• nutrient deficiencies, including vitamin K, vitamin B1, calcium and potassium
restless leg syndrome
• worsened PMS symptoms
• behavioral disorders and mood swings
• insomnia and trouble sleeping
• osteoporosis
• recurrent bacterial or fungal infections due to low levels of nitric oxide or a depressed immune system
• tooth cavities
• muscle weakness and cramps
• impotence

Severe and long-term deficiency can also contribute to more serious health problems, such as kidney and liver damage, peroxynitrite damage that can lead to migraine headaches, multiple sclerosis, glaucoma or Alzheimer's disease, and osteoporosis due to poor absorption of vitamin D and calcium.

There are several causes that are believed to be responsible for widespread magnesium deficiency. These include low intake due to eating a poor diet, soil depletion that lowers the amount of magnesium present in foods, digestive disorders that lead to low stomach acid and malabsorption of magnesium and other minerals in the gut, high rates of prescription medication (such as PPIs) and antibiotic use, and high incidence of other health problems that increase the need for magnesium.

For example, you're most at risk for magnesium deficiency if you have a liver disorder, heart failure, inflammatory bowel disease, frequent vomiting or diarrhea, or kidney dysfunction.

Magnesium Glycinate Dosage

Magnesium glycinate dosage recommendations depend on factors including your age, weight, health status, medical history, and whether or not you're deficient in magnesium.

Below are the current recommended daily allowances (RDAs) for magnesium:

• Infants–6 months: 30 milligrams
• 7–12 months: 75 milligrams
• 1–3 years: 80 milligrams
• 4–8 years: 130 milligrams
• 9–13 years: 240 milligrams
• 14–18 years: 410 milligrams for men; 360 milligrams for women
• 19–30 years: 400 milligrams for men; 310 milligrams for women
• Adults 31 years and older: 420 milligrams for men; 320 milligrams for women
• Pregnant women: 350–360 milligrams
• Women who are breastfeeding: 310–320 milligrams

Most studies have used magnesium glycinate doses in the range of 250 to 350 milligrams per day, which has been shown to be effective for reducing symptoms like cramps, headaches and restlessness. Higher doses around 400 to 500 milligrams daily are also used to manage anxiety and trouble sleeping, while very high doses around 1,000 milligrams per day are sometimes administered by doctors under supervision.

Most authorities state that doses less than 350 milligrams daily is safest for most adults. In other words, the "daily upper intake level" for magnesium is about 350 to 400 mg/day for anyone over 8 years old.

Is it safe to take magnesium glycinate daily?

Yes, unless you're suffering from a known health problem that can make it difficult to maintain normal magnesium levels, such as kidney disease/failure. To prevent potential side effects, stick to the proper dose of magnesium, and aim to have no more than 300–400 milligrams at one dose. Otherwise, a daily magnesium supplement should be safe as long as you don't notice any symptoms like diarrhea.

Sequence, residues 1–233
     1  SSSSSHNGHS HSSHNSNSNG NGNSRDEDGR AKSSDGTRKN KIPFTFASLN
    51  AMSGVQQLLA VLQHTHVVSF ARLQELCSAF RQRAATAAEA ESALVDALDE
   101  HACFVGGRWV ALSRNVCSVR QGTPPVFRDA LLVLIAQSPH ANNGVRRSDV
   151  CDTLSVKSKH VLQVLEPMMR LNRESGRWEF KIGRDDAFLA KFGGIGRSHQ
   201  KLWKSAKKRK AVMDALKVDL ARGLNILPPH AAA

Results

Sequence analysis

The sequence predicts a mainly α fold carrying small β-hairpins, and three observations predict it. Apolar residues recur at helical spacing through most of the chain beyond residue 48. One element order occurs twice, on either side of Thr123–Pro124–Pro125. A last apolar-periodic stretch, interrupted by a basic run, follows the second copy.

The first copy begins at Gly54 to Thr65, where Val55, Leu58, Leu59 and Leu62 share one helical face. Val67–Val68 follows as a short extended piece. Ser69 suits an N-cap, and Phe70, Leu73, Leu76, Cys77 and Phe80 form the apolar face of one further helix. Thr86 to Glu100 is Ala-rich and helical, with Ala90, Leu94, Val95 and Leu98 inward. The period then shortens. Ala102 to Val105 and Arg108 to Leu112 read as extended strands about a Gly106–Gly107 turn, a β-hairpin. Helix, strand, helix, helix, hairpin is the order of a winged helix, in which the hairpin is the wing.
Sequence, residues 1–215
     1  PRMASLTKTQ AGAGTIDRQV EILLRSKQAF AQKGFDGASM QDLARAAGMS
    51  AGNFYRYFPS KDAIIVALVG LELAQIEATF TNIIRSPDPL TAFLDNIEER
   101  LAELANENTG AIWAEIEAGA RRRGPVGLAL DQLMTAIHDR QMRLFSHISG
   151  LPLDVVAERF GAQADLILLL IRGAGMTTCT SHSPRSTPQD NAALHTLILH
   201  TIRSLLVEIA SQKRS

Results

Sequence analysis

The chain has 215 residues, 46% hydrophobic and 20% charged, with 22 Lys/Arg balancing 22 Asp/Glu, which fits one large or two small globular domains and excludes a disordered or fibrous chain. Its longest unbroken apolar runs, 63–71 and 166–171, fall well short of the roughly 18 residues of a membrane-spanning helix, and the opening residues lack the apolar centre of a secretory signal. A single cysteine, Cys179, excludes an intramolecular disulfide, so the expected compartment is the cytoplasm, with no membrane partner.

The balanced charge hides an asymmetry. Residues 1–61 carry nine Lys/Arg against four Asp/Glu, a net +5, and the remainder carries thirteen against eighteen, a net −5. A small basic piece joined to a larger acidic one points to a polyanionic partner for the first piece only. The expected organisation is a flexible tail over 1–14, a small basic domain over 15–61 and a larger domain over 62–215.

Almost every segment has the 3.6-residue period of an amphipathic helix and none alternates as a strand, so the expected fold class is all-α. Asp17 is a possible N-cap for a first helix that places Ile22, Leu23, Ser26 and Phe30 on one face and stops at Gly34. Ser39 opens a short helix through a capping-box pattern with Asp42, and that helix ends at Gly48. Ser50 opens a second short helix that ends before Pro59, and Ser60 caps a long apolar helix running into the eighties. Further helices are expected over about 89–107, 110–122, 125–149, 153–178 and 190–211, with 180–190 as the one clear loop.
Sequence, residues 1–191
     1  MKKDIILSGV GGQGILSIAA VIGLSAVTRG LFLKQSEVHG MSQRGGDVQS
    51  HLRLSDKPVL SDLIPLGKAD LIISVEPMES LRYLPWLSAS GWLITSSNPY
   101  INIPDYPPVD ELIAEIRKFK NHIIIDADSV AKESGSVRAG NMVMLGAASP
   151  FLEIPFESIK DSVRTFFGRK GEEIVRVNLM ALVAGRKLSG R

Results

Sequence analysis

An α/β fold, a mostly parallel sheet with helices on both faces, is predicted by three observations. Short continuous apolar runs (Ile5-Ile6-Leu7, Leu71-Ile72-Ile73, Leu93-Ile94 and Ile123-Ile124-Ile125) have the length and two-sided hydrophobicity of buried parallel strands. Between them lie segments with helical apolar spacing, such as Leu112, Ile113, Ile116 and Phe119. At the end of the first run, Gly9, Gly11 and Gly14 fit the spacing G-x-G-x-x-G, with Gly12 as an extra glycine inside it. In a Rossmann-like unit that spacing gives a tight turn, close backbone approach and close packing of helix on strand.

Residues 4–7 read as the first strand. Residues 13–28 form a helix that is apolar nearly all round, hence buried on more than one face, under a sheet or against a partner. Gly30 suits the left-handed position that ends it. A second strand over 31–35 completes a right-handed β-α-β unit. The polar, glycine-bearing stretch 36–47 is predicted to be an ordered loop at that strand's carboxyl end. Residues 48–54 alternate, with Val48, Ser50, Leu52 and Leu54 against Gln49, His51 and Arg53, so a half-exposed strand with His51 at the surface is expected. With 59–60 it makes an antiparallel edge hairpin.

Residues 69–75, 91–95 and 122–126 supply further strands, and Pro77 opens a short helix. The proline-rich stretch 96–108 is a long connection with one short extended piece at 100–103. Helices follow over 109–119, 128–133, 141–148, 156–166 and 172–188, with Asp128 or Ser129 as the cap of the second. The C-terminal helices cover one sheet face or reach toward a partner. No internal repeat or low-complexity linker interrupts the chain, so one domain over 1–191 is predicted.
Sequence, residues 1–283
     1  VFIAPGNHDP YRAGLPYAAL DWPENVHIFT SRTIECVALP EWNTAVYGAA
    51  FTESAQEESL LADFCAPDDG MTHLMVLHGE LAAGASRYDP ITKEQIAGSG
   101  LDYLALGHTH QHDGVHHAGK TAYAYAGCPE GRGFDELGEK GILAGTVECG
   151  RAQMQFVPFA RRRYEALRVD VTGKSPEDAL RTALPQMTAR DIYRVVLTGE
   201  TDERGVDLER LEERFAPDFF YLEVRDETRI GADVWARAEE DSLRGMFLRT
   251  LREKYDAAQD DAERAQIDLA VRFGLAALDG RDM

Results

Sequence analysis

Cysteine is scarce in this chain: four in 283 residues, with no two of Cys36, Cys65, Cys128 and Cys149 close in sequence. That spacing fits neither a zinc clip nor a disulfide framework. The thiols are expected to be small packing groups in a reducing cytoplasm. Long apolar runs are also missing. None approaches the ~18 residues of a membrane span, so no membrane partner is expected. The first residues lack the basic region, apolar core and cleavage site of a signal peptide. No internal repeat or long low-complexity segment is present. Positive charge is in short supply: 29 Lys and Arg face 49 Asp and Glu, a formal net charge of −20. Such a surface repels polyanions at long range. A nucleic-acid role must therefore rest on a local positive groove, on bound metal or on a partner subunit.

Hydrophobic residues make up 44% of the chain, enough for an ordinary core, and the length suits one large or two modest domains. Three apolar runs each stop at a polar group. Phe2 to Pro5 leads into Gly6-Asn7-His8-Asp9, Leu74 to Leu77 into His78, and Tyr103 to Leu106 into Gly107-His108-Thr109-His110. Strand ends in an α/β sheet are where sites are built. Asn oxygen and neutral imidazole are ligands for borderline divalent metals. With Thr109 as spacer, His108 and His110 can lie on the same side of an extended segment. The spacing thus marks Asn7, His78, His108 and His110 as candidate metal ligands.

Should I take magnesium in the morning or at night?

The best time of day to take magnesium for most people is right before bed. It's also a good idea to split doses, taking some in the morning and some at night, which can help with absorption. That said, magnesium can be taken at any time that is most convenient and easiest to stick with.

Magnesium Glycinate Side Effects and Precautions

Magnesium supplements pose little risk for side effects or toxicity, but experiencing magnesium glycinate side effects is still possible. Potential magnesium glycinate side effects may include diarrhea, cramping and digestive upset. Rarely, when very high doses of magnesium are taken, complications can occur including irregular heartbeats, low blood pressure, confusion and lowed breathing.

The good news is that many people find magnesium glycinate to be one of the most easily tolerated forms of magnesium. That means it's less likely to cause issues compared to forms, such as magnesium oxide or magnesium citrate.

Does magnesium glycinate help you poop?

Most people don't need to worry about magnesium glycinate causing diarrhea. Because it's absorbed in the intestines it's less likely to have a laxative effect compared to other magnesium supplements, such as magnesium citrate. If you've experienced loose stools from other forms of magnesium, then trying magnesium glycinate is a good option.

People with renal/kidney problems or who are taking antibiotics should be careful about taking magnesium supplements and consult with their doctors first. Having kidney disease can interfere with the body's ability to regulate magnesium levels, therefore supplementing can potentially be dangerous.

Final Thoughts

• Magnesium glycinate is a highly absorbable form of magnesium supplementation that is made with magnesium combined with the amino acid glycine. This form is recommended for anyone with a known magnesium deficiency and less likely to cause laxative effects than some other magnesium supplements.
• Magnesium deficiency is one of the most common nutrient deficiencies in the world, which is why magnesium supplements can help some people. Benefits of taking magnesium glycinate include helping manage headaches, anxiety, insomnia, cramps and spasms, high blood pressure, and bone loss.
• There are few risks associated with magnesium glycinate supplementation, but if you experience symptoms like diarrhea, nausea or cramping, you may be taking too much magnesium.
• Magnesium glycinate is usually taken in doses between 250 to 350 milligrams per day, but you may need more or less depending on your symptoms and health status.